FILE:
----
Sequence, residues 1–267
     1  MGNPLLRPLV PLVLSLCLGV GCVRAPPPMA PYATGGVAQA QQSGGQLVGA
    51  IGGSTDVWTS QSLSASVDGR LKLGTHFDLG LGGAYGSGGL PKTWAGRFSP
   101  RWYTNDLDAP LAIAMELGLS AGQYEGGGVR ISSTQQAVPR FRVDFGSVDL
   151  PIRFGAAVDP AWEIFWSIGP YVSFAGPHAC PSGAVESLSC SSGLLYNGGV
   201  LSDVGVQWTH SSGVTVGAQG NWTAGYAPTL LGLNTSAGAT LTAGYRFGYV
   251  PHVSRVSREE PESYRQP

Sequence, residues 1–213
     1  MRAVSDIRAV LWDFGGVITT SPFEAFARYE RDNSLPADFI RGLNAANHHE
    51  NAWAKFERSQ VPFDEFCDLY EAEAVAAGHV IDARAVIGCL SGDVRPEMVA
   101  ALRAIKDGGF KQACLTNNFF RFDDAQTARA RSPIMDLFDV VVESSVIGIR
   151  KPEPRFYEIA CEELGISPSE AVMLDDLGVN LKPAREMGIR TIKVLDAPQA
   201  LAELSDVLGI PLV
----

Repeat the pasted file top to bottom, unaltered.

Sequence, residues 1–267
     1  MGNPLLRPLV PLVLSLCLGV GCVRAPPPMA PYATGGVAQA QQSGGQLVGA
    51  IGGSTDVWTS QSLSASVDGR LKLGTHFDLG LGGAYGSGGL PKTWAGRFSP
   101  RWYTNDLDAP LAIAMELGLS AGQYEGGGVR ISSTQQAVPR FRVDFGSVDL
   151  PIRFGAAVDP AWEIFWSIGP YVSFAGPHAC PSGAVESLSC SSGLLYNGGV
   201  LSDVGVQWTH SSGVTVGAQG NWTAGYAPTL LGLNTSAGAT LTAGYRFGYV
   251  PHVSRVSREE PESYRQP

Sequence, residues 1–213
     1  MRAVSDIRAV LWDFGGVITT SPFEAFARYE RDNSLPADFI RGLNAANHHE
    51  NAWAKFERSQ VPFDEFCDLY EAEAVAAGHV IDARAVIGCL SGDVRPEMVA
   101  ALRAIKDGGF KQACLTNNFF RFDDAQTARA RSPIMDLFDV VVESSVIGIR
   151  KPEPRFYEIA CEELGISPSE AVMLDDLGVN LKPAREMGIR TIKVLDAPQA
   201  LAELSDVLGI PLV